An important part of the delivery of the strategy at a local level will be the Propensity to Cycle Tool (PCT), which was developed by a team at Universities of Cambridge, Leeds and Westminster, led by researcher from CEDAR.

The tool, funded by the Department for Transport, helps prioritise investment in transport planning and is widely seen as representing a step-change in planning strategically to increase cycling. The design, features and potential applications of the PCT was recently published in the Journal of Transport and Land Use.

Public Health Modelling Study News

Towards an Integrated Global Transport and Health Assessment Tool (TIGTHAT).
The two year TIGTHAT project began in April 2017, and will help lay the scientific foundations of a health impact assessment tool that will be readily applied to a wide variety of urban settings in Low or Middle Income Countries to estimate health impacts of transport choices.

TIGTHAT is an international collaboration funded by an MRC Global Challenge Foundation Award, and led by Dr James Woodcock, Dr Marko Tainio and Dr Rahul Goel from the Public Health Modelling programme in CEDAR, and Dr Søren Brage of the MRC Epidemiology Unit’s Physical Activity Epidemiology programme in the MRC Epidemiology Unit. A kick-off meeting was held in Barcelona in June, with experts from around the world participating in the talks.

In addition, to TIGTHAT, the Public Health Modelling programme has also recently started  Methods and Tools for Assessing the Health Impacts of Transport: modelling study (METAHIT) – a three year project to develop methods for modelling health impacts of transport in England.

Read more at www.cedar.iph.cam.ac.uk/research/modelling/tigthat   


CEDAR leading major evaluation of the Soft Drinks Industry Levy

With partners from Oxford and LSHTM, CEDAR is leading a major natural experimental evaluation study of the Soft Drinks Industry Levy (SDIL).

The SDIL is a new levy announced in the 2016 budget, directed toward producers and importers of soft drinks that contain added sugar. Companies will have to pay 18p/100 ml for drinks containing at least 5g of sugar per 100ml, and 24p/100ml for those with more than 8g per 100ml.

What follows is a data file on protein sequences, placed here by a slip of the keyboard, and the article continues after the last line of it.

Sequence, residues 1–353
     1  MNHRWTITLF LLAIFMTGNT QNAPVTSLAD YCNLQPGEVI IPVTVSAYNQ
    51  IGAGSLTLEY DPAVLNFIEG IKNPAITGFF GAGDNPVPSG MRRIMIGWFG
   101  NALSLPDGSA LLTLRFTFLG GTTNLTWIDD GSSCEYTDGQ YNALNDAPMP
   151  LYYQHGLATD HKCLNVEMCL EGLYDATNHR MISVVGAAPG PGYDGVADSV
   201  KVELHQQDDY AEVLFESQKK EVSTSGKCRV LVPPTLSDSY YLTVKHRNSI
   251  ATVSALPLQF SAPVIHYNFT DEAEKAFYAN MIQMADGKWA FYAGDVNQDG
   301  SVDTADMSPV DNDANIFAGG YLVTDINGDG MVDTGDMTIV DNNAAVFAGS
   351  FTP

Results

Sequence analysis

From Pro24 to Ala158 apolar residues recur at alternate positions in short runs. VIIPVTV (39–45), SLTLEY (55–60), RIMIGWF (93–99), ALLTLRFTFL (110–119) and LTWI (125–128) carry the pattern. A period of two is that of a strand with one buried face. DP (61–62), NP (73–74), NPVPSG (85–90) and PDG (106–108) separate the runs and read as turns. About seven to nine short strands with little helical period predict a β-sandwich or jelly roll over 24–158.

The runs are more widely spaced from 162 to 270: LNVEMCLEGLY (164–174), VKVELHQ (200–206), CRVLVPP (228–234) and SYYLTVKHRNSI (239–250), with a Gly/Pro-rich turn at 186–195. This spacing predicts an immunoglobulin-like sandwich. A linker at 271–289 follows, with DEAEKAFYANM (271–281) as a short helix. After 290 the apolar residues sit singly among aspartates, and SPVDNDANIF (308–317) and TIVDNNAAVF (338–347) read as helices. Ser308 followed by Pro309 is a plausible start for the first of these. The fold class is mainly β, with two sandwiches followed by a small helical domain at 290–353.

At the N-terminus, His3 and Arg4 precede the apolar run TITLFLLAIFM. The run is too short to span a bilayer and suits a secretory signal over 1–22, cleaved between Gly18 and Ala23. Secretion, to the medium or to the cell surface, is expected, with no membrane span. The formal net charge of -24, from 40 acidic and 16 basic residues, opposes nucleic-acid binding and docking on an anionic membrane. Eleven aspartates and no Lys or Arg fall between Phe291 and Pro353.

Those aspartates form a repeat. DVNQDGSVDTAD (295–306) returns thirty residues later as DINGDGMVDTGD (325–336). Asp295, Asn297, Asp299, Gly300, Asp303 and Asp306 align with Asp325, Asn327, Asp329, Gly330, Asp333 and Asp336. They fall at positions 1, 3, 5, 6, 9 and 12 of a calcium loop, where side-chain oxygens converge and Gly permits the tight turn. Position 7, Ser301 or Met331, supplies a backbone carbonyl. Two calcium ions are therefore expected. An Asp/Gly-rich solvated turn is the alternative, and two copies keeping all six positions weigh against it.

The design and implementation of the levy was led by HM Revenue and Customs and HM Treasury. They consulted on the plan in August 2016 and it was included in the Finance Bill 2017, which received Royal Assent in May 2017. The SDIL will take effect from April 2018.

Grounded in a ‘systems approach’, the SDIL Evaluation Study aims to assess how and for whom the levy has an effect on health, looking at a variety of potential impacts. The evaluation will examine:

  • product diversification, reformulation, marketing, prices, purchases and consumption of soft drinks
  • early health impacts of the levy
  • the process by which the tax came about, as well as wider change in public, political, societal and industry attitudes.

The SDIL Evaluation Study is funded by the National Institute for Health Research’s Public Health Research Programme (Project number 16/130/01).


Have you visited Great Snackington? It’s a place where healthy foods can be hard to find.

As part of the 2017 MRC Festival of Medical Research, CEDAR researcher Dr Tarra Penney teamed up with Cambridge artist Aurora Cacciapuoti to imagine the town of Great Snackington.

Great Snackington is a way for the whole family to explore the question of how where we live and work affects the food choices we make.

  • Visit the town at mrc-epid.cam.ac.uk/snackington
  • Printed copies of Great Snackington are also available. If you would like copies, please email comms@mrc-epid.cam.ac.uk. You can also contact us if you would like a researcher to visit your school to talk about this subject. 

NIHR Let’s Get Digital Award – A ‘hole’ lot of salt video needs your vote!

Dr Jean Adams, with colleagues at Fuse, the Centre for Translational Research in Public Health, has produced a video outlining the findings of an intervention aimed at reducing the consumption of salt with takeaway foods.  The video – A ‘hole’ lot of salt – has been shortlisted for the video category of NIHR’s Let’s Get Digital awards.

The awards judging panel described the video as “an excellent example of making clinical research accessible to the public,”, and you can now vote for who you think should be the winner in this and other categories.

Associated publications:

Jean has also recently been interviewed for a Cambridge Independent feature on how to improve the eating habits of a nation


Forthcoming seminars

CEDAR / MRC Epidemiology Unit Seminar: 2 August 2017, 12:30 – 1:30
Early Life Undernutrition Alters Cardiac Muscle Development Resulting in Reduced Physical Activity Engagement and Increased Risk of Cardiovascular Disease.
David P. Ferguson PhD, RCEP, Assistant Professor of Kinesiology, Michigan State University.
Meeting Rooms 1&2, Level 4, Institute of Metabolic Science, Cambridge Biomedical Campus

Bradford Hill Seminar: 24 November 2017, 13:00-14:00
Evidence is Not Enough: Towards a democratically legitimate role for evidence in health policymaking
Dr Katherine Smith, Global Public Health Unit Social Policy, University of Edinburgh
Large Seminar Room, 1st Floor, Institute of Public Health, University Forvie Site, Robinson Way, Cambridge.

More talks and events at www.mrc-epid.cam.ac.uk/events and www.iph.cam.ac.uk/news/seminars  


Latest CEDAR publications

openaccess

The following papers have been published or added to our publications database since the last CEDAR Bulletin. All are Open Access. In total we’ve published over 60 research papers this year!

General public health

Diet

Physical activity

You can search nearly 400 CEDAR scientific papers by author, journal, study, title and abstract keywords on our publications database at www.cedar.iph.cam.ac.uk/publications


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Questions and comments to Oliver Francis: ocf26@cam.ac.uk